My step father has family in Canada that makes maple syrup on a commercial basis. Every year, I get a can or two from my mother. I love the stuff. Unfortunately, there aren’t many maple trees in Florida, and whose never really have the weather to get a true sap run to enable us to harvest enough sap for syrup making.
When I was pre-Paleo, I was looking for a way to make my own syrup for breakfast that replaced the high fructose garbage that gets pushed on us these days.
And according to the article I read, you can make a world-class, “exotic” syrup from the bark of the Shagbark Hickory. By “Exotic”, I mean you simply cannot find it everywhere, it is a very unusual product, and in this capitalistic world, that means it’s pricey when you CAN find it. And those that offer it hide the recipe under mystery and misdirection. How hard can it possibly be, I wondered.
Well, I’m too self-reliant and too frugal to buy something I can make myself. So I stared refining my syrup making research, and found a fine woman in Minnesota on a homesteading forum that walked me though the process she used to use when she and her grandmother made it together back in the 40′s and 50′s:
This is a recipe for any old, old fashioned syrup.
Shagbark Hickory Syrup: This can be made by breaking up a couple strips of bark into a medium-size saucepan. Cover the bark with water and boil for 20 minutes. Strain out the bark and return the amber colored liquid to the saucepan. Over medium heat, gradually add ordinary table sugar, stirring continuously until it dissolves and the mixture reaches a consistency you desire.
This is a great syrup! You can use it the same as maple syrup.
Susie in MN
We’ve made this syrup many times, and have even passed it out to family as Christmas gifts. On Christmas Eve 2012, I made a batch, so that we would have some for Christmas morning’s breakfast.
My recipe is here:
- Take bark from a shagbark hickory (I got some from RidgeRunner, thank you very much, Sir!), and under running water, use a stiff scrub brush to remove all debris ans as much lichen as possible. All of the lichen won’t come off, just do your best.
- Break the cleaned bark into pieces and place them in a pot of water, being sure the bark is covered. Bring to a boil, the reduce to a simmer. Simmer for 30 minutes. This should result in a dark tea.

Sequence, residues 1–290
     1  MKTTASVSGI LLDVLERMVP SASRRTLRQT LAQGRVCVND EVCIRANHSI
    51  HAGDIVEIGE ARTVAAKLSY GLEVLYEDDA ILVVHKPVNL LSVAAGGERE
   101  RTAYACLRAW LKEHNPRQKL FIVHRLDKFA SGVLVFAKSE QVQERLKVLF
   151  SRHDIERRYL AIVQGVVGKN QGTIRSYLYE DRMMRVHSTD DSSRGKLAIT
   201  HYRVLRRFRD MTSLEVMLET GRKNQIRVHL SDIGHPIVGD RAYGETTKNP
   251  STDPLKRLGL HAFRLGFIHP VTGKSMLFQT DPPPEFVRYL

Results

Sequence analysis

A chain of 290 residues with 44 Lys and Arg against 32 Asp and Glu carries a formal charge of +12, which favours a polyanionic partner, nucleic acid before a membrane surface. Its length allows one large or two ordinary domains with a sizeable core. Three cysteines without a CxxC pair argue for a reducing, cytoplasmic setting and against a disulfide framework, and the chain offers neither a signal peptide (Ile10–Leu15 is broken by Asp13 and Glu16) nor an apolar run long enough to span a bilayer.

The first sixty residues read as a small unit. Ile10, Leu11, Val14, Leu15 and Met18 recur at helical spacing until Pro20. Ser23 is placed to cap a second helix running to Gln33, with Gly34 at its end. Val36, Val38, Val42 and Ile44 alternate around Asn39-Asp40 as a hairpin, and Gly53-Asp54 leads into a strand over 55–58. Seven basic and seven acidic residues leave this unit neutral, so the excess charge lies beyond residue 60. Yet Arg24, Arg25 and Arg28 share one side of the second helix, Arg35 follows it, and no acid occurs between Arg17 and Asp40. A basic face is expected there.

- Strain all solids out
- Put back over heat, and again bring to a boil.
- Add 1 1/2 time the sugar as there is tea. For a half gallon of water, use 12 cups of sugar.
- Heat until the syrup is a thick as you like.
- Allow to cool while you make sourdough pancakes. Take as tack of pancakes, garnish with buckboard bacon, and top with a friend free range egg or two. Cover with your cooling syrup.
- Thank me.
I make my syrup in 1-2 gallon batches so that I only have to make it once in a while. I’ve found that by bottling the boiling syrup in sterilized jars and sealing immediately, then processing in a boiling water bath for 10 minutes, I have no problems with spoilage.
The flavor is definitely hickory, similar to maple, but a flavor all its own. I find I actually prefer this to maple syrup, as far as flavor goes. However, I can assure you that this recipe is NOT Paleo approved.
If you are looking for a unique flavor to add to your breakfast table, give this a try. The portions are mostly by eye, but you will find certain amount tend to please your palate more. I prefer my flavor strong, so I tend to add a lot more bark when making my tea mixture. I also like a thicker syrup, so I usually boil it until I get to about 225- 230 degrees Fahrenheit on my candy thermometer.
Not only can it cover pancakes, waffles, and French toast, but you can also use it to glaze meats and fruits, as a dipping sauce, or as a base for a mighty fine barbecue sauce. The possibilities are endless…
But be sure to try it over some salty bacon, THAT is my preferred way to eat it.